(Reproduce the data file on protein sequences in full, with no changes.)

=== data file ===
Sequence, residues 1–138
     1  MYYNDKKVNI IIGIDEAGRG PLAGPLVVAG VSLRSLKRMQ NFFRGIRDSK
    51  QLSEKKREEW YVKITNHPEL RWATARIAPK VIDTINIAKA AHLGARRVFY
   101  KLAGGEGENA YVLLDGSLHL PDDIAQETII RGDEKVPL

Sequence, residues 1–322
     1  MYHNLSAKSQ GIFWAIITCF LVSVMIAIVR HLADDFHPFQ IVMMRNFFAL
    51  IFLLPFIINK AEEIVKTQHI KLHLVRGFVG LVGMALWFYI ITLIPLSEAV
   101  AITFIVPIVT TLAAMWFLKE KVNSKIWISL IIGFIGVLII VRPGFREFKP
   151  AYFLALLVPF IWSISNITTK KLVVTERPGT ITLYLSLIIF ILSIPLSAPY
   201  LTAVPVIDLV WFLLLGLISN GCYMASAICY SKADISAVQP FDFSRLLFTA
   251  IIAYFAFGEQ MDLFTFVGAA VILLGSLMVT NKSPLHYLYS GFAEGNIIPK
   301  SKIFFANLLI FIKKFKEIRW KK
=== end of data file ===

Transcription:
Sequence, residues 1–138
     1  MYYNDKKVNI IIGIDEAGRG PLAGPLVVAG VSLRSLKRMQ NFFRGIRDSK
    51  QLSEKKREEW YVKITNHPEL RWATARIAPK VIDTINIAKA AHLGARRVFY
   101  KLAGGEGENA YVLLDGSLHL PDDIAQETII RGDEKVPL

Sequence, residues 1–322
     1  MYHNLSAKSQ GIFWAIITCF LVSVMIAIVR HLADDFHPFQ IVMMRNFFAL
    51  IFLLPFIINK AEEIVKTQHI KLHLVRGFVG LVGMALWFYI ITLIPLSEAV
   101  AITFIVPIVT TLAAMWFLKE KVNSKIWISL IIGFIGVLII VRPGFREFKP
   151  AYFLALLVPF IWSISNITTK KLVVTERPGT ITLYLSLIIF ILSIPLSAPY
   201  LTAVPVIDLV WFLLLGLISN GCYMASAICY SKADISAVQP FDFSRLLFTA
   251  IIAYFAFGEQ MDLFTFVGAA VILLGSLMVT NKSPLHYLYS GFAEGNIIPK
   301  SKIFFANLLI FIKKFKEIRW KK